THIS DATE IN BASEBALL HISTORY- NOVEMBER 30, 1952- JACKIE ROBINSON CALLS OUT NEW YORK YANKEE MANAGEMENT AS RACIST

Jackie Robinson: A life in pictures - New York Daily News

This Date In Baseball History- November 30, 1952. The great Jackie Robinson of the Brooklyn Dodgers on a local television program in New York called out New York Yankee management as being racist. Robinson had broken into the majors in 1947- a full five years had passed and the Yankees still hadn’t had a black player. General Manager George Weiss of the Yankees of course denied the allegations but come on- it was true. It wouldn’t be until 1955 that Elston Howard would become the first black player on the Yankees- eight years after Jackie Robinson broke in. This slowness to integrate would eventually catch up with the Yankees- a big reason why their dynasty came to an end in the mid-60’s.

According to the book Yogi Berra: Eternal Yankee, Weiss at a cocktail party stated loudly that “he would never allow a black man to wear a Yankee uniform.” The Yankees farm system had in place a policy preventing black players from reaching the major league club, according to the book. Howard, the first African- American Yankee, was switched from an outfielder to a catcher, the position at which it would be least likely to break into the major league club, given Berra’s presence.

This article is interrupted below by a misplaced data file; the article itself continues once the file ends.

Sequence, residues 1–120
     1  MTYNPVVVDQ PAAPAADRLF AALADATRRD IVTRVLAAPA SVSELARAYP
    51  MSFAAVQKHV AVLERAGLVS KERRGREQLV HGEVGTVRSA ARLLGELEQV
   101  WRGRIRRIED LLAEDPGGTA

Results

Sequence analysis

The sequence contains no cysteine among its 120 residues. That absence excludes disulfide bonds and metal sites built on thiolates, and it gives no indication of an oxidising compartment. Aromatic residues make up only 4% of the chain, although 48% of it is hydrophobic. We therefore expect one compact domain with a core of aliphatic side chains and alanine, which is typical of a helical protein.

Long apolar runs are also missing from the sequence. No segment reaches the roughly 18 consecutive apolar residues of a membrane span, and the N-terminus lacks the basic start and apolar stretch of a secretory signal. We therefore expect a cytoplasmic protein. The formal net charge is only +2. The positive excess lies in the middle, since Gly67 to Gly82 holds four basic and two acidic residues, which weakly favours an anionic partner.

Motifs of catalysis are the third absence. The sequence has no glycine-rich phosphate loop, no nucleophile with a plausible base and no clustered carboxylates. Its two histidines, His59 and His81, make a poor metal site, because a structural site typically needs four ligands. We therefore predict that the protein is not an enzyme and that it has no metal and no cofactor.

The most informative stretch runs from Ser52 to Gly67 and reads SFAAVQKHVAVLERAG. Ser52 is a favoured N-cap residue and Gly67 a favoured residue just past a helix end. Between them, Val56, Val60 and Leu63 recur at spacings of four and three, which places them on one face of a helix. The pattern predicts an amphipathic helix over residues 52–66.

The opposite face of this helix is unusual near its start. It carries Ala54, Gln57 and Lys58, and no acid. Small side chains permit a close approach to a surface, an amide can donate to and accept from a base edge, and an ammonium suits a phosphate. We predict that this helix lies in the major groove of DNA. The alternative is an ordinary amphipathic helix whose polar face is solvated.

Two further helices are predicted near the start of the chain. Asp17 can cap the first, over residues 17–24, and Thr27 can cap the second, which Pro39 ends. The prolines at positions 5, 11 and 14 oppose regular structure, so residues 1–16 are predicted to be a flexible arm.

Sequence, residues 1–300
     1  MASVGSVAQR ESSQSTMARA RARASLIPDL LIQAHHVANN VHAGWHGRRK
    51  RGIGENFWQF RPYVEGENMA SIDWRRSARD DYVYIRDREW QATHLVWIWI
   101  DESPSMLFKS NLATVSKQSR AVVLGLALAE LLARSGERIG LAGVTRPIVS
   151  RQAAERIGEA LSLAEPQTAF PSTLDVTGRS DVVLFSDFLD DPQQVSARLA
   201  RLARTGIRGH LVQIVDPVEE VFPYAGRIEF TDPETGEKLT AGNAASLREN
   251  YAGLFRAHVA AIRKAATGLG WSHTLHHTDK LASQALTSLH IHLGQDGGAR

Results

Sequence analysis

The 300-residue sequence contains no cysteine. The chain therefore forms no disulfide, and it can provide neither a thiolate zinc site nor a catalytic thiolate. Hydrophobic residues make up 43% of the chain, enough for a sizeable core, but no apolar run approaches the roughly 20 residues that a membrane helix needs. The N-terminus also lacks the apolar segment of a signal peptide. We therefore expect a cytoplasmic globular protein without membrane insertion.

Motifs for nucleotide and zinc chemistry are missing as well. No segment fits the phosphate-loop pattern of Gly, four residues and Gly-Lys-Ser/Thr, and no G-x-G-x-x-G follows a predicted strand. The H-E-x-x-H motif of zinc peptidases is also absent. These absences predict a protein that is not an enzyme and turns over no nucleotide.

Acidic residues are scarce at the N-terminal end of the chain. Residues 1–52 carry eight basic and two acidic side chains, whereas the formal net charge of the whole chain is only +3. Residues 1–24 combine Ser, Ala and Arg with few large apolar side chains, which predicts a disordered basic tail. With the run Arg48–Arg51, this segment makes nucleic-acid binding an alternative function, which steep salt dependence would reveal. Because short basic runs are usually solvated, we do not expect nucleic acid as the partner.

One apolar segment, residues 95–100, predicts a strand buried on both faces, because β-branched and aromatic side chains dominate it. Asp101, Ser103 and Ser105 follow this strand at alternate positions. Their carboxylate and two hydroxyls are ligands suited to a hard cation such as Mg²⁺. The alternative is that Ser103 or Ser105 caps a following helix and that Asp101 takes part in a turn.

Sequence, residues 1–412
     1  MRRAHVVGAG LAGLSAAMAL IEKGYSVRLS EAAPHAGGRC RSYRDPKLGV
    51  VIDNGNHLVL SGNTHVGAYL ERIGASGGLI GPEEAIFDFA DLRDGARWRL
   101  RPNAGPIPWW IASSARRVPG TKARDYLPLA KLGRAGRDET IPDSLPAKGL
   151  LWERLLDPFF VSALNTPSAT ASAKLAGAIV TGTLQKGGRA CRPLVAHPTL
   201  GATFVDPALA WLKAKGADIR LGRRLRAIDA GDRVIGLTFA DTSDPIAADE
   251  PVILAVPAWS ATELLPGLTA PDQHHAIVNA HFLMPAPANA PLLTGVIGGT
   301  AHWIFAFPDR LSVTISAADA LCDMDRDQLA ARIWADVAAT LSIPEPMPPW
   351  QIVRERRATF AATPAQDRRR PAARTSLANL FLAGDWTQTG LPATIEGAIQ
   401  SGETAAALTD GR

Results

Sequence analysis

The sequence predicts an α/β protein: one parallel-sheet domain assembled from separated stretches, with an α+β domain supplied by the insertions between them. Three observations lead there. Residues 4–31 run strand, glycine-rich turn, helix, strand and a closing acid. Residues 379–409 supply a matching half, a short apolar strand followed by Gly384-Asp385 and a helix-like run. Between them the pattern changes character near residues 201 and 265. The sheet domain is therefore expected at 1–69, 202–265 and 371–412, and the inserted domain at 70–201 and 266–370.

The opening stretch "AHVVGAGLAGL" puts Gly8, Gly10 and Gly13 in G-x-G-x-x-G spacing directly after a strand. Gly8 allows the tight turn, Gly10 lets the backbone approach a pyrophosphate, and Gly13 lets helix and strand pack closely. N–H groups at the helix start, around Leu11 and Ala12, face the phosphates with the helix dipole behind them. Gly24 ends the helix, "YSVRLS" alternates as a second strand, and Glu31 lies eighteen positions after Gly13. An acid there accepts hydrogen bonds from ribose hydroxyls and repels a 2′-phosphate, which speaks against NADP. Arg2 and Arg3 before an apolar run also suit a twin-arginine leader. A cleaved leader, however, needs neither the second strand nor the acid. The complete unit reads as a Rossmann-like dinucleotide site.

5 responses to “THIS DATE IN BASEBALL HISTORY- NOVEMBER 30, 1952- JACKIE ROBINSON CALLS OUT NEW YORK YANKEE MANAGEMENT AS RACIST

  1. Yea….that many years afterward plus so many great black ballplayers out there waiting. What they didn’t get is they were hurting themselves.

    • The team that hurt themselves the most- the Red Sox- run by the racist owner Tom Yawkey. It wasn’t until 1959 they finally had a black player. Incredible.

    • I was going to mention the Red Sox…they had a chance at signing Robinson and Mays from what I read…how stupid. They could have been in the mix in the 50s if they would have had common sense.

    • imagine those two with Ted still there… a lot of teams really blew it in that era for being so backwards… the Dodgers were on the ball.

    • I think John McGraw I would’ve done it if he could have… But with that commissioner there was no way it was gonna happen.

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